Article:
Troll 2 is the product of Claudio Fragasso and Rosella Drudi, Italian filmmakers who hid behind aliases and limited English skills while shooting — nay, getting away with — Troll 2 in Utah in 1989. The film follows a family’s vacation gone horribly wrong — unaware their destination of Nilbog (read it backwards) has been overrun by vegetarian creatures not above converting flesh to flora.
It also features a dead grandpa handy with Molotov Cocktails, weaponized popcorn, amusing assumptions of homosexuality, a dance sequence from a teen in a Garfield T-shirt, magical bologna sandwiches, urine-soaked food and the greatest castration threat ever written.
Troll 2 didn’t simply squeeze through a language barrier, it vaulted a barbed-wire fence erected between every instinct or interpretive skill one traditionally brings to a film. Wikipedia’s most amusing understatement ever: “Troll 2 is widely considered to be of poor quality.”
The same can’t be written of Best Worst Movie, a terrific documentary about Troll 2’s unexpected resurgence, the unlikely path to its existence and the timeless question to bad-movie lovers everywhere: What is the standard of “bad,” exactly?
In ways as cinematically philosophical and personally poignant as they are riotously funny, Best Worst Movie asserts that entertaining ineptitude like Troll 2 always trumps depressingly dispassionate dreck like Daddy Day Camp (which one Troll 2 screening happily preempts).
Michael Stephenson — the freckle-faced boy who pissed on his family’s dinner to save them in Troll 2 — directed this documentary, whose ostensible star is George Hardy.
Now a do-gooder dentist in small-town Alabama, Hardy practiced in Salt Lake City in the late 1980s. On a whim, Hardy responded to a casting call for an area film — a whimsical throwback to days as a drama star and cheerleader. Hardy got the lead, but couldn’t prepare for the insanity.
Aggressively gregarious like a real-life Buddy Garrity, Hardy’s spastic tactics make it hard to believe he starred in any movie not filmed in someone’s backyard. Well, Troll 2 is only a tiptoe above that. Hardy’s supporting cast is as random as could be, including a mental patient out on a day pass and so high he had no idea what was transpiring.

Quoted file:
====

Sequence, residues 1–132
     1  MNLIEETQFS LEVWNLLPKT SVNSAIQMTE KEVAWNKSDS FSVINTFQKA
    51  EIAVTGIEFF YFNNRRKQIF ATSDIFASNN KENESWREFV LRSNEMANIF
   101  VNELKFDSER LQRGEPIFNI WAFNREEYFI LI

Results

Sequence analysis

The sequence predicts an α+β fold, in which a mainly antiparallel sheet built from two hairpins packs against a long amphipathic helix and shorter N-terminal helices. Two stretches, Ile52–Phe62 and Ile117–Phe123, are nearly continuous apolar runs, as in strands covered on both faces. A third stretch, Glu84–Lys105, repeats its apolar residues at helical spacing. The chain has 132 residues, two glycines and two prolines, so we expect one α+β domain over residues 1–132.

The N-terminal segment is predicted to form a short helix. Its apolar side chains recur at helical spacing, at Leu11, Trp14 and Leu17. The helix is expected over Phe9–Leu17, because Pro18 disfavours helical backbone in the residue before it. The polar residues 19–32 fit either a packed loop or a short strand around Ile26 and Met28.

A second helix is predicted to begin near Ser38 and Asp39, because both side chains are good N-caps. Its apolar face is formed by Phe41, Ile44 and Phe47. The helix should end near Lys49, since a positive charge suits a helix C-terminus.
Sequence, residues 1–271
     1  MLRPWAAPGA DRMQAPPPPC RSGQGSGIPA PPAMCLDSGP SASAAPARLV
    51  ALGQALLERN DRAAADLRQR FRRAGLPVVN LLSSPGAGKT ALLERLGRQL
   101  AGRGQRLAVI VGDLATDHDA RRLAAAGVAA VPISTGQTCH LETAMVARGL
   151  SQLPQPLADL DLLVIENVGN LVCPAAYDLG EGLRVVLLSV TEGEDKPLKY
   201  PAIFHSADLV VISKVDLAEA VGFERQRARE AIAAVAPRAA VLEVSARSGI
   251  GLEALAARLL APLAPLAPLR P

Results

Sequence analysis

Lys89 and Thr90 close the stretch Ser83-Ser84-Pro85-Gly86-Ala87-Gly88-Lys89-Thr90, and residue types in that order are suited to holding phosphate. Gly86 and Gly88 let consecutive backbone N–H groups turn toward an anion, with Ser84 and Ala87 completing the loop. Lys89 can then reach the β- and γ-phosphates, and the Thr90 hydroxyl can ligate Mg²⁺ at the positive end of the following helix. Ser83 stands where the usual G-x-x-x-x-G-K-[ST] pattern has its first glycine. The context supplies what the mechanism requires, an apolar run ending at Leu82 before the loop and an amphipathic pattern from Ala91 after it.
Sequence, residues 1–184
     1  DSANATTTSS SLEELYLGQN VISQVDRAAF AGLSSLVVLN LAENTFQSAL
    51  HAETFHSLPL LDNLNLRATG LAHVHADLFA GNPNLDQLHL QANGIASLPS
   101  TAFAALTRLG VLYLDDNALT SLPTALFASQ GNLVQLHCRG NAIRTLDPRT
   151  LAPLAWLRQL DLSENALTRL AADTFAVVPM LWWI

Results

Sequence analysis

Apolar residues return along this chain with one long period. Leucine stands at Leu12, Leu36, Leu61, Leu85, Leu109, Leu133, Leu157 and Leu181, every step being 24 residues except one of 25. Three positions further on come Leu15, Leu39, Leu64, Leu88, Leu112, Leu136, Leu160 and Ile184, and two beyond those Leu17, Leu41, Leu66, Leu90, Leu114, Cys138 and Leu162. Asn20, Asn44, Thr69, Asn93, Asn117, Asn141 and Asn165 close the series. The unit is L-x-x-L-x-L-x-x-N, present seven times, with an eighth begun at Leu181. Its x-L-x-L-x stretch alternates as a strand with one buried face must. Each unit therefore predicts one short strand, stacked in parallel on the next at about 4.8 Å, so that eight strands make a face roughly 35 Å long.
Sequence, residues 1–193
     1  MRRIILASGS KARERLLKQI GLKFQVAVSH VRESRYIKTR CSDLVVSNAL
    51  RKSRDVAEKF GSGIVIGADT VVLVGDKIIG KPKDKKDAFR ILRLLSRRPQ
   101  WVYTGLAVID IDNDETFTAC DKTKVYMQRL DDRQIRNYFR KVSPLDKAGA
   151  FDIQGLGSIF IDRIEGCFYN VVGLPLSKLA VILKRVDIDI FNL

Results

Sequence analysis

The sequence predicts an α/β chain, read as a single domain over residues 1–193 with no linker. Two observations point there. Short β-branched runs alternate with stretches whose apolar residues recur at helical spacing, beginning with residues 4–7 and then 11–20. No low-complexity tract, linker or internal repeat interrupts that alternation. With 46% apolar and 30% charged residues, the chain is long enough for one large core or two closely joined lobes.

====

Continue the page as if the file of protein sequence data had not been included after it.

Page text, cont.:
In a last-ditch bid for visibility, Fragasso desperately latched onto 1986’s Troll — a film with a character named Harry Potter Jr. (no relation) and in which Sonny Bono grotesquely transforms into a turdish plant, but that shares no narrative continuity whatsoever with Troll 2.
Over time, Hardy concentrated on dentistry and consigned Troll 2 to his past. But one day, someone asked about it, having seen it on TV, and Hardy began poking around on the Internet. (Strangely, Stephenson strangely never seeks out those who willingly programmed this thing.)
Internet Movie Database users named Troll 2 the worst movie ever made. Its Rotten Tomatoes ranking is firmly ensconced at zero percent. But Troll 2 had been embraced by everyone from improv groups to American soldiers, spawning midnight screenings and a cottage industry of tie-in crapitude — 8-bit video games, Guitar Hero Easter eggs and white-teen rap odes that sound like Ween sipping from industrial-sized jugs of cough syrup.